Sport should not be affected by politics: Netizens, experts stand against unfair treatment toward Zhang Shuai
Tough triumph
Published: Mar 08, 2022 09:04 PM
Zhang Shuai celebrates with the trophy after winning the Lyon Open on March 6 in Lyon, France. Photo: VCG

Zhang Shuai celebrates with the trophy after winning the Lyon Open on March 6 in Lyon, France. Photo: VCG

Chinese tennis player Zhang Shuai secured her third career title in the Lyon Open final on Sunday after beating Dayana Yastremska from Ukraine, a tough triumph as the spectators overwhelmingly stood by the Ukrainian athlete, with Zhang complaining to the umpire about noisy disturbances several times during the match, which she won 3-6, 6-3, 6-4.  

Eighth seed Zhang, 33, performed under huge pressure right from when her opponent wild-card entrant Yastremska walked onto the court wrapped in the Ukrainian flag, garnering huge applause from the spectators to show support for the athlete, whose country is in a major conflict with Russia.

The Women's Tennis Association (WTA) replied via the e-mail to the Global Times about Zhang's victory, saying that "it is very exciting to see Zhang Shuai win her 3rd career singles title since 2017 when she won Guangzhou. She has seen great success and winning Lyon is a great accomplishment. It's inspiring to see her perseverance and hard work paid off, and wish her greater success in future."

During the match, Zhang endured several noise distractions from the crowd. She once paused and tried to communicate to the umpire that a spectator was always coughing whenever she prepared to serve. 

"Why does he cough every time I throw the ball, what are they doing?" Zhang said to the umpire. "You sure know."

Not only that, Zhang was booed when she tried to communicate with the referee on whether Yastremska's ball was out of bounds but was apparently ignored by the umpire. 

"How many times?" She asked during the game, as she had already questioned whether a line call in favor of Yastremska was correct or not, which she felt the umpire had also ignored. 

"There is an unspoken rule called 'Game watching etiquette' for spectators that reflects their ethical awareness when being a part of a game. Like when you're in the cinema, you would not talk. In games like tennis, noise from the crowd can impact an athlete's performance," Luo Le, a sports critic, told the Global Times.

Audience's reaction toward Zhang's performance was utterly the opposite to Yastremska's, who they applauded and encouraged when she won points. 

"Whether or not Zhang has been unfairly treated or not, I think, an experienced athlete like her would follow her intuition to make the judgment, and it is normally right," said Luo.

An under-pressure Zhang lost the first set, but she hung on with resilience to take the second and final sets.

According to rules and traditions of tennis matches, audiences should be silent when points are being played to avoid distracting athletes and affecting their judgment.

"If you're watching a tennis match, spectators shouldn't talk or make any noise during a point so neither player is ­distracted," the professional website said.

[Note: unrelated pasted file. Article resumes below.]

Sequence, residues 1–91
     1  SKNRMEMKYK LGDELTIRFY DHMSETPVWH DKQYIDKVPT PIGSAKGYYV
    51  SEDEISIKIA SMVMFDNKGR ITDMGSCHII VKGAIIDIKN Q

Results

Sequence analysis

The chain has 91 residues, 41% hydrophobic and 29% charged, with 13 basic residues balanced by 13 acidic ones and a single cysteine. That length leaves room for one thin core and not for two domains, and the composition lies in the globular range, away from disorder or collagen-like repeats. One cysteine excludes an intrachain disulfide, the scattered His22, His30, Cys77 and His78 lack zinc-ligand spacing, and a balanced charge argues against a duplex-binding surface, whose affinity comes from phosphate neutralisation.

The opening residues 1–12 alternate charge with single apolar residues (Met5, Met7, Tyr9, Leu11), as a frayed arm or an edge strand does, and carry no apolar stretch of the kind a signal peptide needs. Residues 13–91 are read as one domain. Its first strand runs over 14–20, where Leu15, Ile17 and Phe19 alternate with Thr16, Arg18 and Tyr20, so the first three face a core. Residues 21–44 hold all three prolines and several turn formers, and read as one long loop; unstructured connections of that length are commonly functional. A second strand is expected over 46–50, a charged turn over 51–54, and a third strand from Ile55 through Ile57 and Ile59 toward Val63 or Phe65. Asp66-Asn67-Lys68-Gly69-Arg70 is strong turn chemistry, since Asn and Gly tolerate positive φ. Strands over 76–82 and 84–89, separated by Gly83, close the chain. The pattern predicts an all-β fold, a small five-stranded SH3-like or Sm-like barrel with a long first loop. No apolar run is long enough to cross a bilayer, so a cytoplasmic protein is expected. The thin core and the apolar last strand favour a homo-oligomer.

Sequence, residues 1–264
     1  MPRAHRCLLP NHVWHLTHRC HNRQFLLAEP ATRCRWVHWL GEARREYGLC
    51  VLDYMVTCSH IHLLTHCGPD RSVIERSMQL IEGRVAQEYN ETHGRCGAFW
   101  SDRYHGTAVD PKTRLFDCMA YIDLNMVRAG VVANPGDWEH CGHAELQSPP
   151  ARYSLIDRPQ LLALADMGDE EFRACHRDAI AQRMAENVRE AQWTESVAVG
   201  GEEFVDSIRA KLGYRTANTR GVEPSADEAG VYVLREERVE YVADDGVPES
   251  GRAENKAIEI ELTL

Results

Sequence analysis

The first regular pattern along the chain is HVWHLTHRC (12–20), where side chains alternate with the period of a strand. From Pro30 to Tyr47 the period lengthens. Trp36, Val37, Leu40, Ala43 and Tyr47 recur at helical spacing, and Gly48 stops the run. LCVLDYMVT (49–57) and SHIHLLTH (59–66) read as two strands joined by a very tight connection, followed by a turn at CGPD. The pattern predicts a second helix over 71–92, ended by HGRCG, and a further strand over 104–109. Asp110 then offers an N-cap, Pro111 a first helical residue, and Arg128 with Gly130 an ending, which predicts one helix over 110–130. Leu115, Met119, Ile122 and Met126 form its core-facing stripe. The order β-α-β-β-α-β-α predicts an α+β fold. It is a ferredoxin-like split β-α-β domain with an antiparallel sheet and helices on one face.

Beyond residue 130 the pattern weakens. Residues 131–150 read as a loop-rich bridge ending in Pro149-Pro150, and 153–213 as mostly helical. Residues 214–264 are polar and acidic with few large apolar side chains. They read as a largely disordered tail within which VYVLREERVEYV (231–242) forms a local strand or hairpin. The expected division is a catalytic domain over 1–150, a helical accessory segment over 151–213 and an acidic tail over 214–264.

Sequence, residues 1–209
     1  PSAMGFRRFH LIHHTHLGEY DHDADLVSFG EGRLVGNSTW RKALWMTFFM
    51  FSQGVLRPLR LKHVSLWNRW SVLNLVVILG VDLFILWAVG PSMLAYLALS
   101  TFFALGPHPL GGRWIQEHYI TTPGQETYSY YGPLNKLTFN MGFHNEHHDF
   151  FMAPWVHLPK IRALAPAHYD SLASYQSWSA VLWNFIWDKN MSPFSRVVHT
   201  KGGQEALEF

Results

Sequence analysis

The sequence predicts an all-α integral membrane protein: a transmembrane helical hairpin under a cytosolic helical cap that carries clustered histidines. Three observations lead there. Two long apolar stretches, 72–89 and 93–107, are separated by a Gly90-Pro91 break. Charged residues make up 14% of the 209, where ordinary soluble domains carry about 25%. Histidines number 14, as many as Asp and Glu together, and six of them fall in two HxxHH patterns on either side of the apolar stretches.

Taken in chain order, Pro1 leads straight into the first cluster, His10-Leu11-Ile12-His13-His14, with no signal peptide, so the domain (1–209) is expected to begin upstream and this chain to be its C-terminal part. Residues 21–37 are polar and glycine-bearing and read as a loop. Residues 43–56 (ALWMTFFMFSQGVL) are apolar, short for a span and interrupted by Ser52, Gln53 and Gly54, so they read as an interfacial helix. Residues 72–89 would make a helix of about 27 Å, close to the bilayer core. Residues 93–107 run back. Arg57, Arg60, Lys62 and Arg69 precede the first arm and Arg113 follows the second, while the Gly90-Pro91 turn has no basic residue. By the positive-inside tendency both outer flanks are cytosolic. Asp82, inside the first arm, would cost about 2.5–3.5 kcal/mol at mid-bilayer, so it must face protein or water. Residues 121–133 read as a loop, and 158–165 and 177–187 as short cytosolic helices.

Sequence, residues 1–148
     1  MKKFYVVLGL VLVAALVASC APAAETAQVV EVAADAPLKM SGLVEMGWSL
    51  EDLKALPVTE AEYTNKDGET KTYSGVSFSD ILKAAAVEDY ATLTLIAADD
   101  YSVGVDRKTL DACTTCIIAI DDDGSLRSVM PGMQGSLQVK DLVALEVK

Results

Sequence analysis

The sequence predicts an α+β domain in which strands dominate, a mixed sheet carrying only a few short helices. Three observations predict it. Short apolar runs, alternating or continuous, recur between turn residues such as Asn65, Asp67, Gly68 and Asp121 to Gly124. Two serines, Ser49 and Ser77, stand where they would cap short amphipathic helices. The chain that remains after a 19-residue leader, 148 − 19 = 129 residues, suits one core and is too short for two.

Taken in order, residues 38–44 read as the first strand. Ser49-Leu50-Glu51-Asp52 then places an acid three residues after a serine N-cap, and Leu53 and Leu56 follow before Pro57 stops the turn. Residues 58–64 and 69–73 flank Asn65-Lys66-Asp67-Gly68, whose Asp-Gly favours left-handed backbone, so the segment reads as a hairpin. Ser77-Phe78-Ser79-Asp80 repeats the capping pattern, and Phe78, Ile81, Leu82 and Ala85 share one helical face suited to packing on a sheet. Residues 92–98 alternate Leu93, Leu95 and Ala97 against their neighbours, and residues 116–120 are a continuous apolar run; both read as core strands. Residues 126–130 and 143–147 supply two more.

There have been many cases of players protesting audiences' disturbances to umpires. 

"Come on," Zhang shouted out toward the crowd after winning a critical point that led to her success of the game.

"Such distractions indeed can spoil one's performance, but to the most potential ones, it can be rewarding, and can encourage the player to give even better performance when encountering a setback," Luo said. 

Prior to the match, Eurosport posted that Yastremska had prepared for the Lyon Open by sheltering from bombs in a subterranean car park in Ukraine before fleeing to France with her sister, which garnered the player much admiration and sympathy.

After the match, Zhang gave words of support and encouragement to Yastremska, who said she is donating her prize money to Ukrainian charities.

"I saw many comments and caring words from fans, thank you all for supporting me," Zhang posted on Sina Weibo. On Tuesday, International Women's Day, Zhang posted on Sina Weibo to express her gratitude to her fans, saying "All your encouragement has been received." 

Zhang won approval from many Chinese netizens who sent congratulations to the experienced athlete, saying that she got won a championship that means a lot.

Some netizens have also posted on Sina Weibo to point out that the "sports without borders" idea has clearly not been demonstrated in this "rude" game in France nor been fulfilled by some western countries. 

Some people online also support Zhang's belief that "tennis is just the tennis," which it should not be manipulated by other malicious political intentions and purposes. 

"Your hard work finally paid off and you were the most shining star at that night. You have us and please always remember that the people in the motherland stand with you all the time," a Weibo user commented.

"As athletes, what we do when in a competition is to guarantee every single score we get is clean and with our sincere." Said Zhang, "There should not have other things that against the sport's original goal to be blended in."

"The best way to respond to such situation is to use your superb performance to beat your opponent, which is also a fight back against unfair penalties and unfair treatment," Luo added.